Matteo Trentin wins Paris-Tours from late attack

Quick-Step Floors team play perfect tactics to secure victory in the 2017 edition of Paris-Tours in France, despite defending champ Fernando Gaviria crashing

Matteo Trentin wins 2017 Paris-Tours.
(Image credit: GUILLAUME SOUVANT/AFP/Getty Images)

Matteo Trentin (Quick-Step Floors) took his second career victory in Paris-Tours in France on Sunday, sprinting ahead of Søren Kragh Andersen (Team Sunweb) from a late move.

Quick-Step Floors had the numerical advantage in the finale of the race, with Italian Trentin joined by Dutchman Niki Terpstra in the finale to get the better of the Danish Sunweb rider.

Quadruple 2017 Vuelta a España stage winner Trentin was always going to produce the faster finish from the lead trio, and Andersen could do little to stop the inevitable and had to settle for second. Terpstra finished third, finishing off what had been a dominant performance by Quick-Step Floors.

It's Trentin's final race in Quick-Step colours, as he switches to Australian outfit Orica-Scott in 2018.

How it happened

A five-man escape group led the way in the opening stages of the 234.5-kilometre race consisting of Romain Combaud (Delko Marseille Provence KTM), Michael Goolaerts (Verandas Willems Crelan), Lawrence Naesen (WB Veranclassic Aqua Protect), Stephan Poulhies (Armee de Terre) and Brian van Goethem (Roompot-Nederlanse Loterij).

Matteo Trentin does it again! 🙌

The Quick-Step rider sprints to victory in the #ParisTours 🚴💨

— Eurosport UK (@Eurosport_UK) October 8, 2017

The escape built up a lead of just under six minutes after 40km of racing, but soon after their advantage started to be pegged back.

Quick-Step Floors were an almost ever-present force near the front of the bunch, driving the pace to keep an eye on the break. Inside the final 100km, the break's advantage had been clipped to under three minutes.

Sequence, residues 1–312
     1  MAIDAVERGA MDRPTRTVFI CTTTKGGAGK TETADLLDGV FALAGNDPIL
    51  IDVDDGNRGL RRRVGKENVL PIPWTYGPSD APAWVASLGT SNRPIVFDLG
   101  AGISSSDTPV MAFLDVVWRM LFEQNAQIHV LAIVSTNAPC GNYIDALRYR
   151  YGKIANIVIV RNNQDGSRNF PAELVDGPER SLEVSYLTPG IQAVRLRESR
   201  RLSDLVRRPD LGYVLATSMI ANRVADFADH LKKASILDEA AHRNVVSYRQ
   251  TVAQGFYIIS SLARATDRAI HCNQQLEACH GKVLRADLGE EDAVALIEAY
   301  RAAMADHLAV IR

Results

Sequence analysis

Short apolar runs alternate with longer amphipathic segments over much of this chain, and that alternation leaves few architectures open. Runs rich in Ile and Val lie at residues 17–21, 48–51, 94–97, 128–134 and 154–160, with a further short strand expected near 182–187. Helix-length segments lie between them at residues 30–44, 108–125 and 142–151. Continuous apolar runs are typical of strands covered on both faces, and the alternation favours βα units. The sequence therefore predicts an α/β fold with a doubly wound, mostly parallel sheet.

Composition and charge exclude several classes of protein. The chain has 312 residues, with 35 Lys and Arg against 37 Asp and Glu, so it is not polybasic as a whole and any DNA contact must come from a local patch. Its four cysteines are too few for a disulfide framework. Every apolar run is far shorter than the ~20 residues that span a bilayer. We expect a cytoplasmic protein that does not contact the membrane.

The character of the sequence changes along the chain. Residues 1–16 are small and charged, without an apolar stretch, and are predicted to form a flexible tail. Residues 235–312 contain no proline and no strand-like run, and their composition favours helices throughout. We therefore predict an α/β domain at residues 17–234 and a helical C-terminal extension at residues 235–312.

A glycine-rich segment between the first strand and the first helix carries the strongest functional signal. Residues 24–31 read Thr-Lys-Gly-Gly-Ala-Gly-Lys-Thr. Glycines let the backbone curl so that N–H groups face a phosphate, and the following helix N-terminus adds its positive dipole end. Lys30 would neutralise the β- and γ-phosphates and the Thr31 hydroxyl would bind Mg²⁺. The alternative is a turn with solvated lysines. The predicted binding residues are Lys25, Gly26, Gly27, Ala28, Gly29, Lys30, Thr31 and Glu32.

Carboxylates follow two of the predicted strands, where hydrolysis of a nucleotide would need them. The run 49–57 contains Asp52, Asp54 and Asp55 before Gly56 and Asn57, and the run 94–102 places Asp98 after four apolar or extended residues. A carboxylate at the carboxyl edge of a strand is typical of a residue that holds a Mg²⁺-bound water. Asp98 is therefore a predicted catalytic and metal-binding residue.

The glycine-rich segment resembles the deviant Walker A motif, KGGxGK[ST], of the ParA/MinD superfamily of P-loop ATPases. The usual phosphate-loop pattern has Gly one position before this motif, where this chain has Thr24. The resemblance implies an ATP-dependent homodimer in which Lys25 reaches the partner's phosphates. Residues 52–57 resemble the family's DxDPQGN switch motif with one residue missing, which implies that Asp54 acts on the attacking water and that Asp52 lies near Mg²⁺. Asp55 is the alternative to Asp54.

Several other teams put representatives at the front of the bunch to assist Quick-Step as the race hit the final 50km, with Katusha-Alpecin, Lotto-Soudal and LottoNL-Jumbo adding to the work.

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The five riders up front started to tire with 35km to go, with only Naesen and van Goethem remaining in the lead.

Disaster stuck for defending champion Fernando Gaviria, who crashed on a corner as the roads were dampened by the onset of rain. Although he made it back to the bunch, his race was effectively over and his Quick-Step team appeared to have already elected to go for Plan B.

Ag2r moved to the front of the peloton over the undulating terrain inside 15km to go, tackling the climbs of Côte de Beau Soleil and Côte de l'Epan. As the break was caught, Trentin almost immediately attacked out of the peloton.

Several riders tried to go with Trentin, but it settled that only Andersen and Terpstra could follow his accelerations. Lotto-Soudal were chasing hard in what was left of the bunch, working for André Greipel.

Trentin and Terpstra appeared to exchange words heading into the final 2km, perhaps settling who would go for the win and how. Either way, whatever they decided worked – with Trentin taking the victory ahead of Andersen. Greipel came across the line for fourth place, just seven seconds behind Trentin.

Quick-Step Floors completed their dominance in the race by placing Maximiliano Richeze in fifth and Yves Lampaert in seventh.

Gaviria finished in a large group at 45 seconds, which also included British sprinter Mark Cavendish (Dimension Data).


Paris-Tours 2017, 234.5km

1. Matteo Trentin (Ita) Quick-Step Floors, in 5-22-51

2. Søren Kragh Andersen (Den) Team Sunweb, at same time

3. Niki Terpstra (Ned) Quick-Step Floors, at 1 sec

4. André Greipel (Ger) Lotto-Soudal, at 7 secs

5. Maximiliano Richeze (Arg) Quick-Step Floors

6. Oliver Naesen (Bel) Ag2r La Mondiale

7. Yves Lampaert (Bel) Quick-Step Floors

8. Andrea Pasqualon (Ita) Wanty-Groupe Gobert

9. Mike Teunissen (Ned) Team Sunweb

10. Jean-Pierre Drucker (Lux) BMC Racing, at same time

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Nigel Wynn
Former Associate Editor

Nigel Wynn worked as associate editor on, he worked almost single-handedly on the Cycling Weekly website in its early days. His passion for cycling, his writing and his creativity, as well as his hard work and dedication, were the original driving force behind the website’s success. Without him, would certainly not exist on the size and scale that it enjoys today. Nigel sadly passed away, following a brave battle with a cancer-related illness, in 2018. He was a highly valued colleague, and more importantly, an exceptional person to work with - his presence is sorely missed.